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It does not matter how far away you go

Translation by Yehoshua Siskin

If I had not heard this story with the names of actual people, I would never have believed it. But Franny Weissman shared with me the following tale that, in fact, began more than 100 years ago and ended yesterday:

"I came on aliyah from the United States and got married to Evyatar, a native Israeli whose grandmother's parents, along with two of her siblings, were murdered at Auschwitz. Ten of her siblings survived and nine of them decided to make aliyah together, but one sister settled in the United States, never telling anyone there she was Jewish. She married a gentile, did not even reveal to him her identity, and announced that after the Holocaust she would not bring children into the world. When her family tried to connect with her, she ignored them. She and her husband also left instructions to cremate their bodies after their death. Over and over again I heard the story of Aunt Adelle. There are more than 350 family members now in Israel, four generations, but she has always been the one piece missing from the puzzle.

Two years ago I was asked to go the United States to find girls for an educational program in Israel. I agreed after my husband said to me: 'Even if you bring just one soul to Israel, it will be a great success.' They scheduled a lecture tour for me throughout the United States, and one of the lectures was five minutes from the home of Adelle in Florida. I could not believe it. I arrived at her home, knocked on the door, and asked for Adelle Schwartz. The housekeeper said that there was no one there by that name, but then I understood that she had changed her name. I entered and saw someone who looked a lot like her siblings. I connected them through a video chat and they began to cry in Hungarian. Even the housekeeper cried.

Before we parted, I clasped her hand and said: 'Adelle, Hitler is finished. The war is over, you have a huge family, you are not alone. It's not important how far away you are. You can always return. Don't allow Hitler to win. Come to Israel to be buried there, at least.' We parted emotionally and kept in touch. She who was born into a family from which she went far away, and I who joined this family after being born far away from it.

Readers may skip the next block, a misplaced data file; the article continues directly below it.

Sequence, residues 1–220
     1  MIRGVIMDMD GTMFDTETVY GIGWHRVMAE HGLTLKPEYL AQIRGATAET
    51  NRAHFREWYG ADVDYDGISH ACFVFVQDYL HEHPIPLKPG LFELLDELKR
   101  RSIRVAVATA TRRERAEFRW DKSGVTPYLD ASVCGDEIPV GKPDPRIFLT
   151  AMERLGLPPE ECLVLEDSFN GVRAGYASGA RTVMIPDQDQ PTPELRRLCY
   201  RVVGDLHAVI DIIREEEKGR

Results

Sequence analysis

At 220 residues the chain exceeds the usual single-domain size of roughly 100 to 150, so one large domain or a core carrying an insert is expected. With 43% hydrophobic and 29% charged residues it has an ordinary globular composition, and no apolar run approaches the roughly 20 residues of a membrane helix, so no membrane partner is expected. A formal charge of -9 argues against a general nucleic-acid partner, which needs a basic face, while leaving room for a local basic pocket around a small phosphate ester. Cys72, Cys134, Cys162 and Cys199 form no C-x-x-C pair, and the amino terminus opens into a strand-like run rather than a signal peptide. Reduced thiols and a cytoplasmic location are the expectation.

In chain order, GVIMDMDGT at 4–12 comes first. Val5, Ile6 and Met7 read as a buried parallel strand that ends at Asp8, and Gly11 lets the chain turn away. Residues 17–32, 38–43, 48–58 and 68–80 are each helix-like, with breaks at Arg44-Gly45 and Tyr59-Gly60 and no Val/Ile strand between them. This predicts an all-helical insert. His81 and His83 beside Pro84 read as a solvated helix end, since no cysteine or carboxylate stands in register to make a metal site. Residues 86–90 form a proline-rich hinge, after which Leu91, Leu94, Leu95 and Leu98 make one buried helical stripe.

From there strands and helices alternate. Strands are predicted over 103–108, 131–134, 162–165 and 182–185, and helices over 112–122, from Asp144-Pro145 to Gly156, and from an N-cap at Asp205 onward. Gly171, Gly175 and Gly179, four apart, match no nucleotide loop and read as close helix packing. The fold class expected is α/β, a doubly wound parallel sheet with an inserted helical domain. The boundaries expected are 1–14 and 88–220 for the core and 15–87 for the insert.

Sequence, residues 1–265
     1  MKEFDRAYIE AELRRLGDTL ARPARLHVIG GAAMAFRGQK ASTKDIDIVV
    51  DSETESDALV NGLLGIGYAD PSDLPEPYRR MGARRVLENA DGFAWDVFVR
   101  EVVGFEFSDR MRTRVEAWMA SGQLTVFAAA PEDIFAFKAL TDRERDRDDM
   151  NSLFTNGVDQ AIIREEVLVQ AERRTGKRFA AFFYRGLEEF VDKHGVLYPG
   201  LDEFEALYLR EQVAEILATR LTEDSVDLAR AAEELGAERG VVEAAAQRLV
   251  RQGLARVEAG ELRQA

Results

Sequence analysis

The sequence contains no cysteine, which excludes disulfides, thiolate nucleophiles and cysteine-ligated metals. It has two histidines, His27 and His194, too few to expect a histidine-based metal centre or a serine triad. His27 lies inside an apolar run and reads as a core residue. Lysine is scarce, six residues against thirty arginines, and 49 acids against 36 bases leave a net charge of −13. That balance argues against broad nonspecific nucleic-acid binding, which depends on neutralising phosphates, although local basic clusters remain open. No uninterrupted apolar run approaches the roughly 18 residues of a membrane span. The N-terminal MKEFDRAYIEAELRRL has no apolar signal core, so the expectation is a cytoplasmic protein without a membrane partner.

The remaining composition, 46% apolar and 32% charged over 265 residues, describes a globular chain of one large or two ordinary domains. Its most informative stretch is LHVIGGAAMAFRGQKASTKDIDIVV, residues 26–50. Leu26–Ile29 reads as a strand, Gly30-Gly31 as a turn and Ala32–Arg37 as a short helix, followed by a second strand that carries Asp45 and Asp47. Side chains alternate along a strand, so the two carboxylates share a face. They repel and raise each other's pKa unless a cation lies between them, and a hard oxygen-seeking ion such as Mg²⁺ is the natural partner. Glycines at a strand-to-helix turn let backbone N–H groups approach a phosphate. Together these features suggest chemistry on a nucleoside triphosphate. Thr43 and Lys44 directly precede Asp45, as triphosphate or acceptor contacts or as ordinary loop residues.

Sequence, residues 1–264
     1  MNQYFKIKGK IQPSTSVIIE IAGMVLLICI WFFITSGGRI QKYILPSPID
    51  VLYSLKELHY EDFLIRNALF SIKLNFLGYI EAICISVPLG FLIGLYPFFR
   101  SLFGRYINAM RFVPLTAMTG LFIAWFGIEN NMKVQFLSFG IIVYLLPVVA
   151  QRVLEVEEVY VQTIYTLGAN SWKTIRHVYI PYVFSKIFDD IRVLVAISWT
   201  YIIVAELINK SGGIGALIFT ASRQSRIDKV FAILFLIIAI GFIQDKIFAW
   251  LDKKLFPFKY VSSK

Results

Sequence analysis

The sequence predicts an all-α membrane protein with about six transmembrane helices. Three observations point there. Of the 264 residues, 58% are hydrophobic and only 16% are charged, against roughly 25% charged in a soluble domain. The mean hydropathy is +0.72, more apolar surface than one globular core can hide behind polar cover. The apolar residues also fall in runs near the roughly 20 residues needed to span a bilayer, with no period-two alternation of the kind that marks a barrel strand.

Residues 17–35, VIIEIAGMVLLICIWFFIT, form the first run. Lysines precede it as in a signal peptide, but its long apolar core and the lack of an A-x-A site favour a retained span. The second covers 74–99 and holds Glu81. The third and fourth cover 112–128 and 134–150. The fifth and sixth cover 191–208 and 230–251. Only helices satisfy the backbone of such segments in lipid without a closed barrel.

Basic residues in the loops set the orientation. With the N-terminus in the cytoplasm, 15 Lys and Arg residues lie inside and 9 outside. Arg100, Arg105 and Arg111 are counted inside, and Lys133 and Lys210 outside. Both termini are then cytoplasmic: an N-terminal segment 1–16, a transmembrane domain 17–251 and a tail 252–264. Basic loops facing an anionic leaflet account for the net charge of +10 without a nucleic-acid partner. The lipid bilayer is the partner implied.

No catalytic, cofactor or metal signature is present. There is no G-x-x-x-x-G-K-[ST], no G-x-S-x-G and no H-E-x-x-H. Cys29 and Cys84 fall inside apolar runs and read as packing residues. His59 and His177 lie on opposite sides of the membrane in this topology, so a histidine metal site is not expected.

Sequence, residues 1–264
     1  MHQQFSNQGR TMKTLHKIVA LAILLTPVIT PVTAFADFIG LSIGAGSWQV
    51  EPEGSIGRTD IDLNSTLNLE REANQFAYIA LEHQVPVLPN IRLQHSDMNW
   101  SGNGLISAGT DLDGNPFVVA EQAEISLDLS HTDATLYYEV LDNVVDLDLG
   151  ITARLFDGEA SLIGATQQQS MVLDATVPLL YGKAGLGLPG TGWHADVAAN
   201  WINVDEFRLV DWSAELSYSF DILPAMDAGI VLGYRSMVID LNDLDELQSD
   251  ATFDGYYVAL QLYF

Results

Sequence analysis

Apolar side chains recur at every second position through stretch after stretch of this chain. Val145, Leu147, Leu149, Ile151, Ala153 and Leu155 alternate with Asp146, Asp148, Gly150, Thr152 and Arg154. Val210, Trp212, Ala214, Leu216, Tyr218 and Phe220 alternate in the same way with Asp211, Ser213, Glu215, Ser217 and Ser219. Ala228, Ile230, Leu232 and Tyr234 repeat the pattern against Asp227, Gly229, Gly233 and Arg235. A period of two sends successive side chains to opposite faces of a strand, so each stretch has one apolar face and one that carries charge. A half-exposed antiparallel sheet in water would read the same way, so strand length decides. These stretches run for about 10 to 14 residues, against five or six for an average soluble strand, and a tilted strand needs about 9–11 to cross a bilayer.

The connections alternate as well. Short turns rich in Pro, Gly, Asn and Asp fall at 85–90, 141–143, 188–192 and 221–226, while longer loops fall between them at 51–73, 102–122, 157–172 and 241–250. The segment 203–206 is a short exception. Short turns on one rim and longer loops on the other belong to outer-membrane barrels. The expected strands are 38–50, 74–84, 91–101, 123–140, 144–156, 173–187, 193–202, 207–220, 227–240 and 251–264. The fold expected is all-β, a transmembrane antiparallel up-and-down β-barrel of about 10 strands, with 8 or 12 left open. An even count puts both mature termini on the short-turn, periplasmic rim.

Two weeks ago we received notification from an American attorney that Adelle had passed away at the age of 102. It turned out that she changed her mind and instead of being cremated, wanted to have a Jewish funeral. We exerted ourselves to bring her to Israel from which she had distanced herself her entire life. Yesterday at five o'clock in the evening at Moshav Nir Etzion, her funeral took place and she was buried in the family plot. All of us were there and it was one of the most formidable experiences of my life. We saw with our own eyes the meaning of the following verse: Even if your exiles are at the end of the heavens, the Lord, your God, will gather you from there, and He will take you from there. (Deuteronomy 30:4) What had my husband said to me? If you travel to the United States and bring just one soul to Israel, it will be a great success.'"


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